Contrary to the frequency claims of excessive leniency on the part of judges that are often asserted by journalists and shapers of opinions, Rossi and Berk find strong correspondence between the median sentences deemed appropriate by the public and the sentences prescribed by the guidelines. Although the authors conclude that the Commission was able to match prescribed punishments closely to the American consensus for most crimes, in one category -- drug trafficking offenses -- the guidelines were much harsher in dealing with offenders.
The national survey used a factorial survey as its design strategy, allowing for analysis of a large variety of federal crimes and variations in the social characteristics of convicted felons. A wealth of detail, along with ample graphic and tabular illustrations, extends the book's application to issues of consensus and variations in punitiveness by region and socioeconomic characteristics of respondents.
According to Pound, philosophies of law historically have rationally adjusted legal developments to the circumstantial needs of society. Pound concerned himself primarily with the practical effects of American legal developments within the context of social interests and general security. He encouraged American jurists to abandon efforts to conform obsolete models of legal philosophy to new realities. The significance of Pound's scholarship, particularly An Introduction to the Philosophy of Law, is the legal relativism inherent therein and its ongoing impact not merely on American jurisprudence, but on the imperative that American public policy be tested in the juridical crucible of relativism.
Marshall DeRosa writes in his new introduction that in the light of twentieth-century judicial politics, Roscoe Pound's philosophy of law has prevailed to a significant extent. This book's relevance to appreciating the development of the American legal system in all its complexities--including liability law, contract law, and property law--is in itself notable. But, in terms of understanding the twentieth-century development of the American rule of law, An Introduction to the Philosophy of Law is indispensable. It will make an invaluable addition to the personal libraries of legal theorists, philosophers, political scientists, and historians of American law.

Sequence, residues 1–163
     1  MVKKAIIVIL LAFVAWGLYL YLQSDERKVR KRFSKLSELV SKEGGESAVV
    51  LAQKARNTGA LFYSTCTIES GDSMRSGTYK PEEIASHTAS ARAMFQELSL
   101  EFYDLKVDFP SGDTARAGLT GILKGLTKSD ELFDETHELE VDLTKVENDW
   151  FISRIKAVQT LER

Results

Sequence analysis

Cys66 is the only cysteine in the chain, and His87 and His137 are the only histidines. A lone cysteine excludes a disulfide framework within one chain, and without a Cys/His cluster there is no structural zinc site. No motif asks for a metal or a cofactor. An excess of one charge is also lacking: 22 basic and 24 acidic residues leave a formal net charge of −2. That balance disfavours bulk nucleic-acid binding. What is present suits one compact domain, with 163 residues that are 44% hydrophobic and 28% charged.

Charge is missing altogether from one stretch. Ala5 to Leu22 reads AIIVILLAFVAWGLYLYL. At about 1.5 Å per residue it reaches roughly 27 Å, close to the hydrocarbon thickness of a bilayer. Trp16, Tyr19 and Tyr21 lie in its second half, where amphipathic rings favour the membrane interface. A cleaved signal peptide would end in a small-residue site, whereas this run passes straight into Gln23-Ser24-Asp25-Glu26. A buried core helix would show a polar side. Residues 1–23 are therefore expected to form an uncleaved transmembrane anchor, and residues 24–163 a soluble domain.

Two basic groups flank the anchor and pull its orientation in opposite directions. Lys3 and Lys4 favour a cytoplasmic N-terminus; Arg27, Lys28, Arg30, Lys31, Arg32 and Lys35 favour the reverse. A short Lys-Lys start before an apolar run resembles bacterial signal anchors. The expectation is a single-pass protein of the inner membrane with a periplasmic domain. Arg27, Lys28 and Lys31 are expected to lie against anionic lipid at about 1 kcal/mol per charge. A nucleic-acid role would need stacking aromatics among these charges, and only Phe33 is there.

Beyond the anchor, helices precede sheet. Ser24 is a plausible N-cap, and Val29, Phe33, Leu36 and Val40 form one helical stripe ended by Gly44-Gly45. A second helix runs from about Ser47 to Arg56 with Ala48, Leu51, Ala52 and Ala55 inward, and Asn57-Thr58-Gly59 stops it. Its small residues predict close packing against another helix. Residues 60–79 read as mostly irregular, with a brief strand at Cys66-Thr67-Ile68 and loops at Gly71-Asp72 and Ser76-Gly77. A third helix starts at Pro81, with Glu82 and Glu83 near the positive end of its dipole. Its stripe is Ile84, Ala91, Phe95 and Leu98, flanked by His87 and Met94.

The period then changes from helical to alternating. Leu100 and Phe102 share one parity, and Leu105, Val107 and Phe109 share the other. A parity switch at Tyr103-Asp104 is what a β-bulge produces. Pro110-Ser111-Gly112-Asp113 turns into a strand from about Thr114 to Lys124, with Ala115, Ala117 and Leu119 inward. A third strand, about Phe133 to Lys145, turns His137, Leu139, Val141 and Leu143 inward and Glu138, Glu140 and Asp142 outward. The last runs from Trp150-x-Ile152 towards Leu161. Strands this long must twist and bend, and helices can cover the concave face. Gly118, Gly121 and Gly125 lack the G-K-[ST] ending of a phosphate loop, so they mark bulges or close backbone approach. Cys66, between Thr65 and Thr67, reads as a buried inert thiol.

The core of Gurvitch's sociology of law is at root a continuation of the efforts, apparent in the work of Max Weber, to resolve or integrate the dualism which is so markedly affecting law. It is the apparent dualism between law as a positive institution resting upon a framework of social power, while at the same time being a system of values or norms having some compelling internal strength and validity. Gurvitch's Sociology of Law shines as a beacon in the ongoing quest for a transformative vision of law. The new introduction by Alan Hunt discusses Gurvitch's place in the history of the sociology of law and the context in which his works should be placed. It also features a brief biography of the sociologist as well as a discussion of the central features of Gurvitch's sociology. This book will be of interest to students of sociology and law.